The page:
The noble Lord speaks from experience and I appreciate his expertise in this area. We have talked of education before, and it is important that that forms a central, core part of what we teach in our schools and colleges. At the same time, we need to recognise that co-operation between communities needs to be heightened. Finally—this applies not just to this subject—we still have to exert positive optimism about our country. We remain one of the most successful, multicultural, multifaith societies, in which people are proud of their identity, regardless of cultural, community or religious background. We must all stand up—politicians, the press, and anyone involved with this—to ensure that wherever we find xenophobic hate, we stamp it out.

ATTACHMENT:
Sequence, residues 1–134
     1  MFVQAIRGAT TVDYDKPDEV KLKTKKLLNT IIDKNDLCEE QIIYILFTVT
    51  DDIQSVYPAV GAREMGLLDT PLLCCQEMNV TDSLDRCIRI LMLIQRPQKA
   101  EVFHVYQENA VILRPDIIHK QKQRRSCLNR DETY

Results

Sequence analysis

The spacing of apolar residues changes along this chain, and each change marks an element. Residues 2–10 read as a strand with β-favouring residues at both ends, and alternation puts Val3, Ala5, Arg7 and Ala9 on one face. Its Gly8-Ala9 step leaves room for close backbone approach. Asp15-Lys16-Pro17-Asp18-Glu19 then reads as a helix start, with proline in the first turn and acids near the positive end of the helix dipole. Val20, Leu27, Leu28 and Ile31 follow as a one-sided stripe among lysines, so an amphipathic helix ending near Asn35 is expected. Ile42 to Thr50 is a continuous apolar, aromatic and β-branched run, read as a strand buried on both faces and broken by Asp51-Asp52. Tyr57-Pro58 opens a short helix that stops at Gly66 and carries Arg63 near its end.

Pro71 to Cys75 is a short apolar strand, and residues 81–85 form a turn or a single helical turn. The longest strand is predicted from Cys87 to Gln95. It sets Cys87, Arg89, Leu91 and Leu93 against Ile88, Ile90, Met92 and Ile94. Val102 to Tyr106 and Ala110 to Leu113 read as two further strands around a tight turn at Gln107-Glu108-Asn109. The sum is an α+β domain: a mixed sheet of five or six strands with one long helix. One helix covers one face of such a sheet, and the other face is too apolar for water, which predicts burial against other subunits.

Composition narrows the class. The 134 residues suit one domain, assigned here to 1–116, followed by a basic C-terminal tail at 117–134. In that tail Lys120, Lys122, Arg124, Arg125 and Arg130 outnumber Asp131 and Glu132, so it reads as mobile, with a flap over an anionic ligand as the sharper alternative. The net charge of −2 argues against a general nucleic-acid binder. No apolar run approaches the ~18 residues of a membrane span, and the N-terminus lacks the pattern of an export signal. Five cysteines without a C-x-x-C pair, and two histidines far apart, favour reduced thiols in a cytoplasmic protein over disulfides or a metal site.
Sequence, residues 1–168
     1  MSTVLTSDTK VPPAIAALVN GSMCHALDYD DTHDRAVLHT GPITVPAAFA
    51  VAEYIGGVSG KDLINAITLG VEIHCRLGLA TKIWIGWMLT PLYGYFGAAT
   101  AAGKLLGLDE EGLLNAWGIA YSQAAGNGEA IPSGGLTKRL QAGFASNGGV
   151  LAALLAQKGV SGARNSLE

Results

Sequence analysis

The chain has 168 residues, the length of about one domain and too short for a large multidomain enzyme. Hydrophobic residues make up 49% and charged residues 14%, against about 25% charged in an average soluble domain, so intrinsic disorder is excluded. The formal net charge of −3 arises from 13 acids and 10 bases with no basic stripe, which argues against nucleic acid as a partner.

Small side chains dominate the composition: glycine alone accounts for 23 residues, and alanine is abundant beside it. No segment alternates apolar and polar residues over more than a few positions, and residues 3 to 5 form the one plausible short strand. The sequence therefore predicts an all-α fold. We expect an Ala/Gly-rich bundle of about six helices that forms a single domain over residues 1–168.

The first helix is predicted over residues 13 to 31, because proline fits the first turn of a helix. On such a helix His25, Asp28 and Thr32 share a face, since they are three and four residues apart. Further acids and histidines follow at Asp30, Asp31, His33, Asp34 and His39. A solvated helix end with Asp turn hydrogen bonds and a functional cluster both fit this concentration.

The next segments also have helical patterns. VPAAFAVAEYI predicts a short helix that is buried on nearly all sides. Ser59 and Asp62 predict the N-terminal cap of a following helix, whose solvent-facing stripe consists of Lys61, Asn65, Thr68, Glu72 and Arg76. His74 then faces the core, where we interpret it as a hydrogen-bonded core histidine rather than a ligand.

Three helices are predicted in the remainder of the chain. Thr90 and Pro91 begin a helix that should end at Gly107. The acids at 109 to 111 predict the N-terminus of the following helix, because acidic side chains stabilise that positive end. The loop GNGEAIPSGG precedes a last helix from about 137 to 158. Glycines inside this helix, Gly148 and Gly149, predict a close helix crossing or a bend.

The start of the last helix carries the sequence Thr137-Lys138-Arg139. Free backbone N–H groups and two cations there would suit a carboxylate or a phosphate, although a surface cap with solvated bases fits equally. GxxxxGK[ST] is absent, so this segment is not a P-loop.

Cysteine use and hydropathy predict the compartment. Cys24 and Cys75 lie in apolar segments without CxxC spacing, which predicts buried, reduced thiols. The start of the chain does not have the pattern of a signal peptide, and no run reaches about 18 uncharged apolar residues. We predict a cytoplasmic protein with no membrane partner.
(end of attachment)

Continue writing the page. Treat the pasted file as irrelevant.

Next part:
My Lords, I concur absolutely with the noble Lord’s final statement; nevertheless, we have seen a 500% increase in reported hate and race crime, and many more incidents are not reported. What is being done, for example, in schools where people from eastern European, Muslim and Jewish backgrounds are being targeted? What support is being given to schools to make sure that this is reported and dealt with, so that schools get the support they need to tackle this terrible iniquity in our society?